Last week in Texas, two pastors who had revoked the jurisdiction of their denomination were notified in writing to remove their personal belongings from the church buildings and turn in their keys. It appears that the judicatory officers followed the rules. Dotted every “i” and crossed every “t”. The pastors, with their congregations, made the decision to leave knowing that giving up the property was a likely, if not inevitable consequence.

Still, it was a shock to receive a letter like that. On short notice people gathered at the building to say goodbye to that place that had been home for nearly 100 years. They took candlesticks, tablecloths, books, paintings with them -- things that they had made or contributed, only to return some of them later, amid accusations of theft, followed by denials of accusations of theft and so forth. As any divorce lawyer will tell you, even when done by the book, property division is anything but a bloodless calculation.

It is painful when families split up, even when all the rules for separation are followed. The breaking of this particular kind of Christian covenant creates an opening for a question we don’t get to often enough: What is our right relation with property?

Owning church property -- whether ownership is by title or de facto by daily use and caretaking -- is a kind of oxymoron. Not legally, but relationally. If we believe all belongs to God, then our ownership is a false category. And yet, as creatures with bodies, we need a place. We need chairs in which to sit and dishes from which to eat. We thrive on beauty we can rely on and return to in our surroundings. Our memories are tied to, well, real estate.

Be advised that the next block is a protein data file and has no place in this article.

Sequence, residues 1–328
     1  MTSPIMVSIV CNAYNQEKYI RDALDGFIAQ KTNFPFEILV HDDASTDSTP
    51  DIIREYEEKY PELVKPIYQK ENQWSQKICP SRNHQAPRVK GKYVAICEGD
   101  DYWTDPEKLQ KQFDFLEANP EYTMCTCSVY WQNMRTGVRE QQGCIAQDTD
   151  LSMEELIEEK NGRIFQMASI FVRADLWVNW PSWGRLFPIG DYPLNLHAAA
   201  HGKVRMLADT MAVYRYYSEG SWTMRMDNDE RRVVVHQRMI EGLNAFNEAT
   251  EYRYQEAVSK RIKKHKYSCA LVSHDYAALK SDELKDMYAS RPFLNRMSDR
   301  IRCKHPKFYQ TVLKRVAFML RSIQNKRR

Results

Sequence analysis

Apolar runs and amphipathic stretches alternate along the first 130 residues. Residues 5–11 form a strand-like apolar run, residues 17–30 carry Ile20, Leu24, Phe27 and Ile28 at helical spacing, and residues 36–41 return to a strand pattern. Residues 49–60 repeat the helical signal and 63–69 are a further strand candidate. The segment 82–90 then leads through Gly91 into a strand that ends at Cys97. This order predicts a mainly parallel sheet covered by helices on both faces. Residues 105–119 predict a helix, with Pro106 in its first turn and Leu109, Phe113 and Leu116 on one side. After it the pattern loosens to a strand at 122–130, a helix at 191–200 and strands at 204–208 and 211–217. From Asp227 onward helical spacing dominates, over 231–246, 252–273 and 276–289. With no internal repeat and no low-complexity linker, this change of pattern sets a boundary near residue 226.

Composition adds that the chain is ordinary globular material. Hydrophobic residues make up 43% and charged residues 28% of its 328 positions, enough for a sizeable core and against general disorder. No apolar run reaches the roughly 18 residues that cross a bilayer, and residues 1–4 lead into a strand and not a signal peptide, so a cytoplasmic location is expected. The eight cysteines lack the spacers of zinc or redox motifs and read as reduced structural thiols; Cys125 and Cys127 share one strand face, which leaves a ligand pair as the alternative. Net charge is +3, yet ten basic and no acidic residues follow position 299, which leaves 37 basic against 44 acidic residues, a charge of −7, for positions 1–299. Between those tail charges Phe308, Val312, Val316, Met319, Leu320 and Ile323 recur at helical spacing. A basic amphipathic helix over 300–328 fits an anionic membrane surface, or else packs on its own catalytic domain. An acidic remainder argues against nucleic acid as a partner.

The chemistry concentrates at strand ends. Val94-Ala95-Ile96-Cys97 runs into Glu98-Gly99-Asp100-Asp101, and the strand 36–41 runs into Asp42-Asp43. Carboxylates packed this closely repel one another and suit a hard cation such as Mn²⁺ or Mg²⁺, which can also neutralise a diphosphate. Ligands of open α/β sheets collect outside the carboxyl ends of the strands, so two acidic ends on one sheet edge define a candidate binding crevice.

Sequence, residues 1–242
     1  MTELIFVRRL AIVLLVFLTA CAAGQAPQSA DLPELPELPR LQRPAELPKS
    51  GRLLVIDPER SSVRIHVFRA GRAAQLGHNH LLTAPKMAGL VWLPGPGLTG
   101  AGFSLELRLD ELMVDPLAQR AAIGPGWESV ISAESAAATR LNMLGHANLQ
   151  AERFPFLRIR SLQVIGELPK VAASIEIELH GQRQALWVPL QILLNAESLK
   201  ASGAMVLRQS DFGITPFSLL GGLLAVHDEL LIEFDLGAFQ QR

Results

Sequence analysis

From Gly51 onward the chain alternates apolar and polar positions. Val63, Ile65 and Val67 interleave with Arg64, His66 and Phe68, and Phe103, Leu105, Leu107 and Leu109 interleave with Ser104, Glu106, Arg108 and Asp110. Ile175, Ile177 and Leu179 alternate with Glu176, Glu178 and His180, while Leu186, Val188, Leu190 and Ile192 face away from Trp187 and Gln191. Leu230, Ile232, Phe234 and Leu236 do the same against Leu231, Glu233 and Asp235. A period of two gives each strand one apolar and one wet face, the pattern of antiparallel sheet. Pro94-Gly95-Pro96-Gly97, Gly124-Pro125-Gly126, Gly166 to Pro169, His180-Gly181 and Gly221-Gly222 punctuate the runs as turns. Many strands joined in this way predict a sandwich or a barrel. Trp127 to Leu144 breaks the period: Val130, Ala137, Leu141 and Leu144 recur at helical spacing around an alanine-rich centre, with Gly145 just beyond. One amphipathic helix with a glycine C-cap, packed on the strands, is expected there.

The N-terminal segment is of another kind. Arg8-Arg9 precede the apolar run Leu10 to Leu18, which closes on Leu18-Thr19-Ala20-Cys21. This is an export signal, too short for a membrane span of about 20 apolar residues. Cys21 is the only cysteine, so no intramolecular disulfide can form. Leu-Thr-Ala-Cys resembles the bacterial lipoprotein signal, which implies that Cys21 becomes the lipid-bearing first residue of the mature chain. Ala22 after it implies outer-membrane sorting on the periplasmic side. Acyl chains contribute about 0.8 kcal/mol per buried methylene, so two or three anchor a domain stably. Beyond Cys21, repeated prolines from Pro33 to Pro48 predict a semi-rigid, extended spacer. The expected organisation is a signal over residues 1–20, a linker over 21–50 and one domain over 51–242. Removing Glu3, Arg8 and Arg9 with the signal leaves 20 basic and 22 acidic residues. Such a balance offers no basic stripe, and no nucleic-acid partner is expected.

But sometimes we get confused in the church, and instead of the building serving our mission, our mission becomes serving the building.

If you are a pastor whose congregation owns a building -- or owes a mortgage on one -- here are some clarifying questions to get you started:

  • Why do you have a church building?
  • Could you do what you do there somewhere else?
  • What would you do without it? What would be lost? What would be newly possible?
  • Do you or your denomination claim a biblical or theological ground for owning the property?
  • What is the property’s place -- functional or symbolic -- in the larger community?

Ask these questions if you dare. Pray about them. Should you discover any unsavory attachments, fears of loss, sins of idolatry, begin with the confession Walter Brueggemann calls us to: “Oh God, we are torn apart by the conflict between our attraction to the good news of God’s abundance and the power of our belief in scarcity.” Confession is as good a starting point as any for a right relation with property.

Melissa Wiginton is Vice President for Education Beyond the Walls at Austin Presbyterian Theological Seminary.